published in Volume 1, Issue 5 on November 20th, 1994
Akale is an African from the country of G---, a republic on the Gulf of Gambia. Its primary exports are phosphates and groundnuts. Last year, nearly two thousand people died there in factional violence. The President of G--- called the deaths "a necessary sacrifice."
Akale drives a cab in Washington, D.C.
The taxi gently fishtailed in the slushy snow. The snow had begun earlier, fat flakes falling from a gunmetal sky. The snowplows were nowhere to be seen. The snow would freeze in a few hours with the fall of darkness and the roads would become hard, white ice. Already, traffic had slowed down in deference to the silent storm.
The prospect of sliding down slick streets did not alarm Akale. He regarded snow as an unusual blessing, a sign of the power of the Creator to put a stop to all of man's activities. If He willed it, Akale would not raise his voice in protest. It never snowed in G---; it was a land outside the pale of the Creator.
Akale righted his taxi and turned down the dispatching radio so he could listen to his tires crunching the snow. The flakes were descending at a gentle angle, blurring the hard corners and edges of the office buildings rising up around him. The street lights suddenly lit up, gold lanterns stretching all the way up 19th Street, towards Dupont Circle. Bundled-up pedestrians hurried up the unswept sidewalks; office workers were being sent home early.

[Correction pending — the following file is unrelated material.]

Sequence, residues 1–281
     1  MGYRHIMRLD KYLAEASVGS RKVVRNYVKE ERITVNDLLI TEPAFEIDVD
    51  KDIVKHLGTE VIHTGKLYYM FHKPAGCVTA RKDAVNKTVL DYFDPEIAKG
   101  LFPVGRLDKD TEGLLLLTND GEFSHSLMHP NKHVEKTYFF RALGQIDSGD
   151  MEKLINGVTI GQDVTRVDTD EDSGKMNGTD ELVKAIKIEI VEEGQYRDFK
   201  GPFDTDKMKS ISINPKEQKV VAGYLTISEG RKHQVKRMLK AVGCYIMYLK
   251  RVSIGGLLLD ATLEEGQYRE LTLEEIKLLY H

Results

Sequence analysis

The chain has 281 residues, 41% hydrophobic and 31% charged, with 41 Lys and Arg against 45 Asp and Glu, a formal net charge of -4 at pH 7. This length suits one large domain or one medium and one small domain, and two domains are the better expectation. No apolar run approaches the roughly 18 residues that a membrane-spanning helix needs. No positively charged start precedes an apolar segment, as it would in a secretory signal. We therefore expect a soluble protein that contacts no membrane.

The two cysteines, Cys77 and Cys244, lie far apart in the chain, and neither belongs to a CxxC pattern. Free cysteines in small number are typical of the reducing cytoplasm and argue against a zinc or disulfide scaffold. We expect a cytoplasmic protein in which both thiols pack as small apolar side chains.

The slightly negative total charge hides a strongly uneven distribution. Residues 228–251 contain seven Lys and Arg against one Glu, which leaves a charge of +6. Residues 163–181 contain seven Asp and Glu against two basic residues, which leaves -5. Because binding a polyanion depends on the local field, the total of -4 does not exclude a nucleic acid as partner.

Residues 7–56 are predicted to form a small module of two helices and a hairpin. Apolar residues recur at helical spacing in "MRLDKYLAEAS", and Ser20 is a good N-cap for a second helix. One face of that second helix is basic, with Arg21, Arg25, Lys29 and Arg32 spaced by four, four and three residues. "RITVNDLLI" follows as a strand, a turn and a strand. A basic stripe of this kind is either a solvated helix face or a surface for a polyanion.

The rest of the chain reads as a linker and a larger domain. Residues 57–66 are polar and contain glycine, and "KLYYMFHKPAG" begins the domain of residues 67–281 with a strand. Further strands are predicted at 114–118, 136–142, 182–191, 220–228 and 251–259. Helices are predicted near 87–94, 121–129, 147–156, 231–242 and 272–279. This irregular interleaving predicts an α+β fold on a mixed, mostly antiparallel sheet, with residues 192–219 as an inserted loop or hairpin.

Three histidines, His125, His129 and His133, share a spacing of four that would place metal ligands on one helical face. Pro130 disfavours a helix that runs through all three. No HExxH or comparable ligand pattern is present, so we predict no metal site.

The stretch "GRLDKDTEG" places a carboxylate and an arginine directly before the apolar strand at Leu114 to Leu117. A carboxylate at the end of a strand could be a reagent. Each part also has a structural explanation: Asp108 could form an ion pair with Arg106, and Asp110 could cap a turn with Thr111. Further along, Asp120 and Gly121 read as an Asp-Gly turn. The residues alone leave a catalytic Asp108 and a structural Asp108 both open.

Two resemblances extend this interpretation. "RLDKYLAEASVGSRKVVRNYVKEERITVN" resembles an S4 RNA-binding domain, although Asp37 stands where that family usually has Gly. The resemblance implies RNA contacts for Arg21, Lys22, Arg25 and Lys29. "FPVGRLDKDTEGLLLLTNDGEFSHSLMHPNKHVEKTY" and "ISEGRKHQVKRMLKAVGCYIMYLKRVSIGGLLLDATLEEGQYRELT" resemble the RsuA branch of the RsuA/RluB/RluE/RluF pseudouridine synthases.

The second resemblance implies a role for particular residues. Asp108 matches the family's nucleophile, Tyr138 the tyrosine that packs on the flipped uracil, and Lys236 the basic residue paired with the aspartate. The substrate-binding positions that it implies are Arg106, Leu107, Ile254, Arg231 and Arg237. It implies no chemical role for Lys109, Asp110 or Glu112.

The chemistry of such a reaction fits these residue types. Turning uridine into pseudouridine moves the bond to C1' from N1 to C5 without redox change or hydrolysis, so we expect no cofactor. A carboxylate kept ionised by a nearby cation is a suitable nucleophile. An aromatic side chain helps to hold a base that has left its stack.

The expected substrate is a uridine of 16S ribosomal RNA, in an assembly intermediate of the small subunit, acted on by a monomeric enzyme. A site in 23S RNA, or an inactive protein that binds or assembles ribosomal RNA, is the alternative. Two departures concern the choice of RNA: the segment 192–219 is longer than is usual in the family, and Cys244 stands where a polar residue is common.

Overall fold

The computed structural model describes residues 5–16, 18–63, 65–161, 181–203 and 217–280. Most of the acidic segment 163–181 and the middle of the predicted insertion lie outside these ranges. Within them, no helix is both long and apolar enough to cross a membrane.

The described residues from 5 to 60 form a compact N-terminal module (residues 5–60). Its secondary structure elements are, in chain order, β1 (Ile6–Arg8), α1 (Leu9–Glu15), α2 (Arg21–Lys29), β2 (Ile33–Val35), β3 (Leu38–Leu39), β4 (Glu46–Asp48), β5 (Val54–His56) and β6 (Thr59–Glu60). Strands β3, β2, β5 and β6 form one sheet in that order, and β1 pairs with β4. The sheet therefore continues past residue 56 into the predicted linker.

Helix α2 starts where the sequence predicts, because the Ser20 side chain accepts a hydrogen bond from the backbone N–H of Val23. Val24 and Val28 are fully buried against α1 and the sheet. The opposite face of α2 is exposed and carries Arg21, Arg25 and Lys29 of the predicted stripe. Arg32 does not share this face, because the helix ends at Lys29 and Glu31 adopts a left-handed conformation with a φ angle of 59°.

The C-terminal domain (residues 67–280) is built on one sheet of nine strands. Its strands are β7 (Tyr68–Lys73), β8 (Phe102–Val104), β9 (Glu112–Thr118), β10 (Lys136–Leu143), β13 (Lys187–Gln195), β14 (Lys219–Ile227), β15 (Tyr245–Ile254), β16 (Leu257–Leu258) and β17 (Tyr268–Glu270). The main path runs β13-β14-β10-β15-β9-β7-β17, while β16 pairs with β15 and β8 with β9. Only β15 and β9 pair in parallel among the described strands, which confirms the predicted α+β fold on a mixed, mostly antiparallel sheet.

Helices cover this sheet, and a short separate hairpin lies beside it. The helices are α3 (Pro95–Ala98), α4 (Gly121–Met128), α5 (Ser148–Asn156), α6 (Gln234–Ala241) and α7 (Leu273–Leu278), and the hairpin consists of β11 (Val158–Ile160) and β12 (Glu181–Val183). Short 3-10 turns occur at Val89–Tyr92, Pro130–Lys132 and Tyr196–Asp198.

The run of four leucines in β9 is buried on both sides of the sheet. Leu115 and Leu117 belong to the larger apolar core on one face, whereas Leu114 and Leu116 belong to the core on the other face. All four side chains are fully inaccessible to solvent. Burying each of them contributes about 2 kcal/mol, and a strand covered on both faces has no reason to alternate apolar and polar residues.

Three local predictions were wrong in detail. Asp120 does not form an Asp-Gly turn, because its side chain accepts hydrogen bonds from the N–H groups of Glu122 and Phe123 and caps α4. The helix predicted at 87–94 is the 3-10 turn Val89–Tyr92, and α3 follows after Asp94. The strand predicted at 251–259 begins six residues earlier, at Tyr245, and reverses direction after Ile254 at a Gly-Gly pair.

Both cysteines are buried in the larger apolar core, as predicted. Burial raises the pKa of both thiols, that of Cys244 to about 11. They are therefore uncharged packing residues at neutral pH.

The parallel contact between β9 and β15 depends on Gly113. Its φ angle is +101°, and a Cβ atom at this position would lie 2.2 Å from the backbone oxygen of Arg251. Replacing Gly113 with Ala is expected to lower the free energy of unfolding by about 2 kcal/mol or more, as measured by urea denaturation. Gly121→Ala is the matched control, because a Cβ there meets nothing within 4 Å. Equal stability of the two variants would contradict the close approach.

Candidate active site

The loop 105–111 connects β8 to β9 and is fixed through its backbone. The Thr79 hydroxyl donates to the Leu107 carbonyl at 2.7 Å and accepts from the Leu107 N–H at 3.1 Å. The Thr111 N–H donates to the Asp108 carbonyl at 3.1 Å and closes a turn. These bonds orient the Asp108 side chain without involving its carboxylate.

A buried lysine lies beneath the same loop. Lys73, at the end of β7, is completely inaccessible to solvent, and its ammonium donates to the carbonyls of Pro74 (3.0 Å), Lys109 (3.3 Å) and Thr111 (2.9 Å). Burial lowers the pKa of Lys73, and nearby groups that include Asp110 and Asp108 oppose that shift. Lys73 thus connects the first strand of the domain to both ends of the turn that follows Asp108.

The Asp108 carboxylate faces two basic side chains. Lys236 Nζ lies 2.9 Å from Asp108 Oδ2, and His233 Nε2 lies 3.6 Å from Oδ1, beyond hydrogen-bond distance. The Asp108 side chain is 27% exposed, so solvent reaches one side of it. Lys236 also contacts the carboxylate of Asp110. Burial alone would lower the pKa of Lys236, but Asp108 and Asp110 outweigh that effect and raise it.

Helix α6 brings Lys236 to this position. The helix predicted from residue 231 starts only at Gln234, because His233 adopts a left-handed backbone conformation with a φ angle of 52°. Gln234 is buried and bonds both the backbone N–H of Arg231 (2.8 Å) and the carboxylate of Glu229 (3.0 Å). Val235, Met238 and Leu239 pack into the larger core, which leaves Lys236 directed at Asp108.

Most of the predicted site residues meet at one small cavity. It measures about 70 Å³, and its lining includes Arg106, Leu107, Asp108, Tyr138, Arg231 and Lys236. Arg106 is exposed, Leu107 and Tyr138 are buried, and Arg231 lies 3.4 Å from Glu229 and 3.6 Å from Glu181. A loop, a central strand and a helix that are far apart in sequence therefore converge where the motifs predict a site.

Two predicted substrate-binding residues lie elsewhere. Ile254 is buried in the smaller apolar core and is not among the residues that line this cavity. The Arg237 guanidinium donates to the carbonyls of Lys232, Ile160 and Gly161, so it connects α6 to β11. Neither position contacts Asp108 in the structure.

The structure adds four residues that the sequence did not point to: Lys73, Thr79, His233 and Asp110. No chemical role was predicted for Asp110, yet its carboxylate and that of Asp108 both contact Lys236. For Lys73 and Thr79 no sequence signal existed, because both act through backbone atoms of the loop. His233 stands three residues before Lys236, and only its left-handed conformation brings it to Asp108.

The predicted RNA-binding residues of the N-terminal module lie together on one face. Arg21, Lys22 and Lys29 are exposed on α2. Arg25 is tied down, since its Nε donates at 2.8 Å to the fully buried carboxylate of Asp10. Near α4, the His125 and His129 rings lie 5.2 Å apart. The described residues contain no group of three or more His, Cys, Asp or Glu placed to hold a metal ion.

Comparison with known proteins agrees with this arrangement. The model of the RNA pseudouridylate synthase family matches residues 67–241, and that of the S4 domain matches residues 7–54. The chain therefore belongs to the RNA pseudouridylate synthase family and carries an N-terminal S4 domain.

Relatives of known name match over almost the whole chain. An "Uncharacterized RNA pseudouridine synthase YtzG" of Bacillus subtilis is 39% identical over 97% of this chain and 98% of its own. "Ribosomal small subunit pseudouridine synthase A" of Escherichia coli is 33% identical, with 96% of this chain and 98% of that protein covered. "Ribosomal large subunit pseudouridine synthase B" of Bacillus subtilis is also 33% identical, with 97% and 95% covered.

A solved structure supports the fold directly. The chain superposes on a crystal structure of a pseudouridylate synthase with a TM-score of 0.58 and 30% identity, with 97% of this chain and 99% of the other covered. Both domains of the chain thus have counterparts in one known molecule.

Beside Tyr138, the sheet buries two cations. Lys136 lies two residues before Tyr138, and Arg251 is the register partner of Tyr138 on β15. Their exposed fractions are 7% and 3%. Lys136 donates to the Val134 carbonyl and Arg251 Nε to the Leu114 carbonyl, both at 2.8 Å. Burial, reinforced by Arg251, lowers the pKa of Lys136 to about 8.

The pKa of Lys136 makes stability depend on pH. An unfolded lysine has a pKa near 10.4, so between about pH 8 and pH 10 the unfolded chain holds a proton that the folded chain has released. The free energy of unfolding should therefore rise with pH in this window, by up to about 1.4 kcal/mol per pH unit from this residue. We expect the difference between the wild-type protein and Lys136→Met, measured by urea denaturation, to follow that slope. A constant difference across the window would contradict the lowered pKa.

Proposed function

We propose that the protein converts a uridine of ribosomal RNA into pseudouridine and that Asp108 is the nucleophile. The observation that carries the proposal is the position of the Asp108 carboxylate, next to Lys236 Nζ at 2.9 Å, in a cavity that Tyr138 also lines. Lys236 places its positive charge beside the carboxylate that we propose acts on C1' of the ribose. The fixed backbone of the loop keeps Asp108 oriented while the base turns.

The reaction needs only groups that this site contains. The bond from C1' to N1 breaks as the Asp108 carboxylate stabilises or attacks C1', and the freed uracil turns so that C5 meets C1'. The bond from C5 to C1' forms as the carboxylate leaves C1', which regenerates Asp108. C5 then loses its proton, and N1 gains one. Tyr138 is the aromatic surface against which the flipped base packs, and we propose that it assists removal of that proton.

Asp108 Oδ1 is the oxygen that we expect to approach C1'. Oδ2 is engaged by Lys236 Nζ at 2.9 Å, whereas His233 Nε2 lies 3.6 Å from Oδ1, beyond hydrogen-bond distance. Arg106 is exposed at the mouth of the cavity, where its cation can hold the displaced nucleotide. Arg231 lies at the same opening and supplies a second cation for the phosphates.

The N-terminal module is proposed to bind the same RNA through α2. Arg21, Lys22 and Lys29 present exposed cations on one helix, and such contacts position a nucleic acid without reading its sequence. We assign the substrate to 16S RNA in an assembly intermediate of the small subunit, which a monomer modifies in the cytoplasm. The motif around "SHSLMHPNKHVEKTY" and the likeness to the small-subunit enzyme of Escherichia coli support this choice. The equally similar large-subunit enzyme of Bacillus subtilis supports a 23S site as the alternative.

"Snow emergency," he heard the radio whisper. That meant fares were doubled: another blessing from the Creator. It would be a long night, but a rewarding one.
Akale turned up "Embassy Row." He paused by the bus stop; no takers. Then he drove slowly past the Georgian and Tudor mansions until he reached the embassy of G---. The embassy was a narrow brick rowhouse with a crumbling turret and a tiny cobblestone drive. The building was shared with an Eastern European country. A bright yellow taxi from "Imperial Cab" was double-parked out front.
"Imperial Cab" was owned by the Railroads Minister of G---; he was a Njem, a northern tribe, as was the President and most of the army. All the cabbies were Njem, most being former military or government officers. "Imperial Cab" was a major source of hard currency for the chronically cash-strapped nation.